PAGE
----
In his newest group of works, Trevor Paglen examines the political dimension of artificial intelligence systems. AIs are trained by being fed vast volumes of data, so-called training sets. Through differences and similarities, the AI systems learn how to recognise patterns and subsequently objects and words. The initial data are always subject to pre-selection and thus also transport cultural values and judgements with them. These, in turn, implicitly determine the behaviour of algorithms, whose criteria we can neither understand nor question.
For the exhibition, Paglen has selected three works from the series Adversarially Evolved Hallucination. The images were produced by the interaction of two AI systems: one for image recognition, the other for image generation. In cooperation with Stanford University, Paglen programmed algorithms and developed special taxonomies for them, methods for generating classes on the basis of similarities. The categories were drawn from the fields of poetry, literature, psychoanalysis, and economics. This produced AIs that could ‘see’ the images from the respective term-clusters, such as in the work Vampire (Corpus: Monster of Capitalism), where monstrous figures were produced that seem almost metaphorical to the human eye.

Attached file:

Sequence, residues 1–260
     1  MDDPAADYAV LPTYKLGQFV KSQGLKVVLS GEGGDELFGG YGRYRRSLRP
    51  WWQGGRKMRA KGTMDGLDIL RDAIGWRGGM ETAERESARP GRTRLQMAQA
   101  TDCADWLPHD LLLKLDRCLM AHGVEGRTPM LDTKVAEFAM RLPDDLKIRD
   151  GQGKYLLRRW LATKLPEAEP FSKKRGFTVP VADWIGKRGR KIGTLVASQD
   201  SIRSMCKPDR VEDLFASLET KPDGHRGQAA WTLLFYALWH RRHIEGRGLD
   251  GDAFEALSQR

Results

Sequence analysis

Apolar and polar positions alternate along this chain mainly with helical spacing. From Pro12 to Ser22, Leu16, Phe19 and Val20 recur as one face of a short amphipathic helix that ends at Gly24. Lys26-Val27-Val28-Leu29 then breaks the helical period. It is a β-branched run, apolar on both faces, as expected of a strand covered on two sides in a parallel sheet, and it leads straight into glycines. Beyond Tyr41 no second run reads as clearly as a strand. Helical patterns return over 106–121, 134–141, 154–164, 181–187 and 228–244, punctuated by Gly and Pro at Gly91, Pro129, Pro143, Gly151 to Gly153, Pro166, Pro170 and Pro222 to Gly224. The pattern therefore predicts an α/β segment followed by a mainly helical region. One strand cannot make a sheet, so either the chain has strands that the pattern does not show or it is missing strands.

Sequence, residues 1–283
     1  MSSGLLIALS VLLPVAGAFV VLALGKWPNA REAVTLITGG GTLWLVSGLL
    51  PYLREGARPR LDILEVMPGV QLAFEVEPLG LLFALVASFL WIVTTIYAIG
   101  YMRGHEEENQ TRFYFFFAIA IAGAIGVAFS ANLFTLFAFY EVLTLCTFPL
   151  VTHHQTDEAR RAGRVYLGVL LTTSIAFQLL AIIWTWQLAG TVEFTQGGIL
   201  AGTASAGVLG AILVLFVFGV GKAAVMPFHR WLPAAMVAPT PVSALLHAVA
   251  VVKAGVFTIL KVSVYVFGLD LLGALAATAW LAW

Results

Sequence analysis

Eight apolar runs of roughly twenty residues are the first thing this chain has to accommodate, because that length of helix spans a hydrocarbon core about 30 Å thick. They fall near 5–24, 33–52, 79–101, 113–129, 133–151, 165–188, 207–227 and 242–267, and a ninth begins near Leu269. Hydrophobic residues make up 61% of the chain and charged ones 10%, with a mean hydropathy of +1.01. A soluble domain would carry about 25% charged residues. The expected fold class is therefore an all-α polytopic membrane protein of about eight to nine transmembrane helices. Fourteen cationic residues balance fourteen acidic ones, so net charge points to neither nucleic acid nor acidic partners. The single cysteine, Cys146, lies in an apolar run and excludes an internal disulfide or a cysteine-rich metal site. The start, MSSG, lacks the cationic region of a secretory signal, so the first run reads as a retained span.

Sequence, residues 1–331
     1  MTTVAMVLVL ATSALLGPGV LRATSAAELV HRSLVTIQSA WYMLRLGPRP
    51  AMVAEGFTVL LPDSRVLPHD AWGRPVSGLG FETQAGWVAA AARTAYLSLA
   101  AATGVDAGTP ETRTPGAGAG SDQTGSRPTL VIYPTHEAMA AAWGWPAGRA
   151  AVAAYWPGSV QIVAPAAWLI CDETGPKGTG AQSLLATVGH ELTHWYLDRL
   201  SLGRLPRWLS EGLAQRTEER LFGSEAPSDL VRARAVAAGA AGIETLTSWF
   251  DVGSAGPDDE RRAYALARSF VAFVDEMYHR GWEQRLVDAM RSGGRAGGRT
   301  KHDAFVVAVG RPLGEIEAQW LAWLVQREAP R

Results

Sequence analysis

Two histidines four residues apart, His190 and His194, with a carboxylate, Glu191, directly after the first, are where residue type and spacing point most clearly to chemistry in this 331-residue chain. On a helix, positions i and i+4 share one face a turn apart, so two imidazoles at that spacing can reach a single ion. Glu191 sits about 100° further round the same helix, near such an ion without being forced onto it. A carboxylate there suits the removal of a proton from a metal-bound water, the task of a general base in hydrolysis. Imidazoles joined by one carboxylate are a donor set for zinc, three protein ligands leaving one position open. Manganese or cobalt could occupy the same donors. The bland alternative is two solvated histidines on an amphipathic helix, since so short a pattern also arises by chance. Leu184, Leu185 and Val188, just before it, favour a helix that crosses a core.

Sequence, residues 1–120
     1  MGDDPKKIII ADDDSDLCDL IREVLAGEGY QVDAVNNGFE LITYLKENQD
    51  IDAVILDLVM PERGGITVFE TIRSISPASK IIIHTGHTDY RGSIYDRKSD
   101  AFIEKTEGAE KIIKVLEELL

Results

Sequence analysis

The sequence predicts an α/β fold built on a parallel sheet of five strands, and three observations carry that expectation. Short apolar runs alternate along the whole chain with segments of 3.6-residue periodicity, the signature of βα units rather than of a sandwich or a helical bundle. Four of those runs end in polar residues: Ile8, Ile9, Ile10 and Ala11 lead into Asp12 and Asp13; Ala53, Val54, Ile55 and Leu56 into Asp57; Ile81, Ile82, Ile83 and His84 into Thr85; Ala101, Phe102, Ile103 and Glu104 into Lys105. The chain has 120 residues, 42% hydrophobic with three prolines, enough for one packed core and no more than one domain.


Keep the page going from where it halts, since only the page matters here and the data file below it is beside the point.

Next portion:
Additionally, Paglen is also presenting the video installation Behold these Glorious Times!. It visualises how automated vision is developed in Deep Neural Networks and what it sees in images. The video piece focuses on functions that serve to train AIs for facial recognition. Emotions, gestures, and facial expressions are analysed and compared. For this process, the image contents are taken apart into smaller pieces and various traits are extracted from them so that the neural network can reassemble the pieces and try to produce meaning from them. Holly Herndon, a composer of electronic music, made the soundtrack for the work. She compiled voice samples from digital archives used for training AIs to recognise human language.
The New York-based artist Trevor Paglen (b. 1974) can be described as one of the most important representatives of the landscape fotography in the age of Big Data. He studied Geography, Art and Religious Studies and was represented in various internationally renowned exhibitions.
In 2015, Frankfurter Kunstverein presented the exhibition "The Octopus", for which Paglen was awarded the Deutsche Börse Photography Foundation Prize 2016.